The next very small village we lived in was in North Wales...it was actually not so much a village as a hamlet. There was a row of nine stone cottages, the big house and a chapel. We had the end cottage on the terrace and everyone walked past regularly so if we were visible they stopped to chat. It was mostly Welsh speaking and I found that whilst my Welsh had disappeared completely my daughter had to learn it in school..and found it fairly easy as everyone on the school bus spoke it all the time. No one ever stopped talking at my approach but they changed into English for my benefit . I loved it there.
Not being Welsh speaking had its compensations...I was unable to get a job in school for instance, mostly because all the advertisements in the news paper were in Welsh, I stood no chance!
For three years I honed my writing skills...and walked the bouncy Springer spaniel every afternoon to the top of the mountain. This was Moel Famau....and the village was roughly half way up it. It rejoiced in the name of Tavern Y Gelyn which being translated meant pub of the enemy.
The chapel stood where the tavern had once been or so I was told. The village was close to Offa's Dyke .and many people walked through it every summer and of course during the winter, after the first fall of snow, we had winter sports people in transit every weekend.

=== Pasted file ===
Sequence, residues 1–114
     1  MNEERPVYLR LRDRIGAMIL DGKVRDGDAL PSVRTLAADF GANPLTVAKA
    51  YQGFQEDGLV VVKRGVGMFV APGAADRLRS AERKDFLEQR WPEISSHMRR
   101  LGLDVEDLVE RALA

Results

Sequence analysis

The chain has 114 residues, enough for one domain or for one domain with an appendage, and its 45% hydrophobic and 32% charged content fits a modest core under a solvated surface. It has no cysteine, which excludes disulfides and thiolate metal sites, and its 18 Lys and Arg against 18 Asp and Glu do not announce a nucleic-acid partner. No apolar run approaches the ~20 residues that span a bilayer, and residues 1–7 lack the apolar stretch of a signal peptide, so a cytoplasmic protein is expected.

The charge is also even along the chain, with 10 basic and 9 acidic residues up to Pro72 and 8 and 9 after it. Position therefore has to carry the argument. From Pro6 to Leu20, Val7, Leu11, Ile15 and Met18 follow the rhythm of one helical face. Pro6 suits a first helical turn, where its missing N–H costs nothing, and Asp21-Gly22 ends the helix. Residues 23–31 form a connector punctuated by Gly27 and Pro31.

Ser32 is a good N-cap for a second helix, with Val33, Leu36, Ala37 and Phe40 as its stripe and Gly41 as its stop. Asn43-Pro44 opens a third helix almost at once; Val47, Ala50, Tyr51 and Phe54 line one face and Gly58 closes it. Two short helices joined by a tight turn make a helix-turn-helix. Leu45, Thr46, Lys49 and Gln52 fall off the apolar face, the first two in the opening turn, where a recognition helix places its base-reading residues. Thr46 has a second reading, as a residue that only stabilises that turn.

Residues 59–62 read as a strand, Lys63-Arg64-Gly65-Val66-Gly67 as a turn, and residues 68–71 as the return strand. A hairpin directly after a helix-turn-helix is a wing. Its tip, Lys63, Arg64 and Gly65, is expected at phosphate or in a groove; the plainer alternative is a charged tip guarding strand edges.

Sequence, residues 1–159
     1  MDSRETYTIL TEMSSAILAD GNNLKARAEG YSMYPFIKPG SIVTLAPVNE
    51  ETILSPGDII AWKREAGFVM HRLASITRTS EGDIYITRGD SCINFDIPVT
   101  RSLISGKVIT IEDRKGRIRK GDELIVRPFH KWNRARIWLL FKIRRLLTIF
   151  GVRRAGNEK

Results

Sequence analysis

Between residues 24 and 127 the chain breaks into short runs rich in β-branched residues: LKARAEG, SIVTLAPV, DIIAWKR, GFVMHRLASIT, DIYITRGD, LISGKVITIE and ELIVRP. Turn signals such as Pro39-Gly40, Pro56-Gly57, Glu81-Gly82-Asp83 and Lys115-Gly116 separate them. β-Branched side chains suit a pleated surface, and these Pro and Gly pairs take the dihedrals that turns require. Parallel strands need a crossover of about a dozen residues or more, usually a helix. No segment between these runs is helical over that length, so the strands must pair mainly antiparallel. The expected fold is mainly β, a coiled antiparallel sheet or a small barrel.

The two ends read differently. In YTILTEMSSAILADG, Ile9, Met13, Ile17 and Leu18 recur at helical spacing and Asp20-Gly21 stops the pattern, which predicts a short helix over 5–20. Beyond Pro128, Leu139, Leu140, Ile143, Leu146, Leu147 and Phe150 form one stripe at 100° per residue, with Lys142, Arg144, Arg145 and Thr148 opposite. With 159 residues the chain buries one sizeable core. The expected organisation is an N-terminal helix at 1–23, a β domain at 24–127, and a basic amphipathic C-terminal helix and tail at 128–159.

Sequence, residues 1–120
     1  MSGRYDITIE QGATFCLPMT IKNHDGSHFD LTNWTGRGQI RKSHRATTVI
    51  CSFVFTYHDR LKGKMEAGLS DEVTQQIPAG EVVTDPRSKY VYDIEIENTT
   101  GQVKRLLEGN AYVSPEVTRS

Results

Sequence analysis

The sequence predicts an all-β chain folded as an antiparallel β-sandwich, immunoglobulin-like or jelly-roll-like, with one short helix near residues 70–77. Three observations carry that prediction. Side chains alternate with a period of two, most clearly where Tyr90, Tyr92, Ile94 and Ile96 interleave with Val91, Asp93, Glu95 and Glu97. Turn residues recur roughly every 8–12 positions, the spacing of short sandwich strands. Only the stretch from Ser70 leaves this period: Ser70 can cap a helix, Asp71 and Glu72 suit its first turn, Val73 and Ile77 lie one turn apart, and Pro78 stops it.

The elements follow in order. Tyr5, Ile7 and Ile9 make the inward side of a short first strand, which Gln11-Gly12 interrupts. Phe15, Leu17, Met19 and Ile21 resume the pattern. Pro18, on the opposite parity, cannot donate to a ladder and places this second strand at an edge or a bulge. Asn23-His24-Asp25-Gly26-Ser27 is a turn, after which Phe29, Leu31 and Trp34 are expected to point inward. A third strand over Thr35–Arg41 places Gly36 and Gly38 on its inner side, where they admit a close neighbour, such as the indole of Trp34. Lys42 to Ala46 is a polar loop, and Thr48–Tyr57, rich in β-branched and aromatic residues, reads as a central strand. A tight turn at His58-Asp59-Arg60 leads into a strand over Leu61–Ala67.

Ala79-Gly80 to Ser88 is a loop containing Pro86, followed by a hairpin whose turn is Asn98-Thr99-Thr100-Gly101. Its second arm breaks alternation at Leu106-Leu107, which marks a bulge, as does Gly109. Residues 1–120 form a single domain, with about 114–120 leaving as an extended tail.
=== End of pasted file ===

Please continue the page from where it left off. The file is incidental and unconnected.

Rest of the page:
Because I walked the forest and mountain regularly I was put onto the mountain rescue team. Not sure if its good news or bad news that I was never called out.
The chapel was within a few feet of our house and we did try..but the services were all in Welsh so mostly we attended the church of Wales in Mold and then the next village, Cilcain.
One Christmas though we went to the Carol service in our little chapel...
It had been described on the posters as multi lingual......we thought it should be Ok...after all a carol is a carol.
The only English spoken all night was "WElcome, welcome to our English visitors!" My husband muttered in his pew. We only lived 10 yards away!
The carols were in Welsh and we were coached about how to say "Silent Night" for the one that wasn't but it was a lovely evening....miles away from the Welsh Baptist chapel of my youth but a solid expression
of both village life and Christianity.
The village pulled together wonderfully well during the hard winters. When my husband went to work in London, leaving me and the children on our own during a particularly hard winter the neighbours always checked if we were OK. The school sent Land rovers to get my daughter out and I got help at digging out the car whenever I needed it. One man even brought his step ladders on the day I locked myself out and got in through our bedroom window...
I loved my time there , I joined choirs, was on the pub quiz team, I thoroughly embraced village life and was sorry to leave. Essex was not quite the same!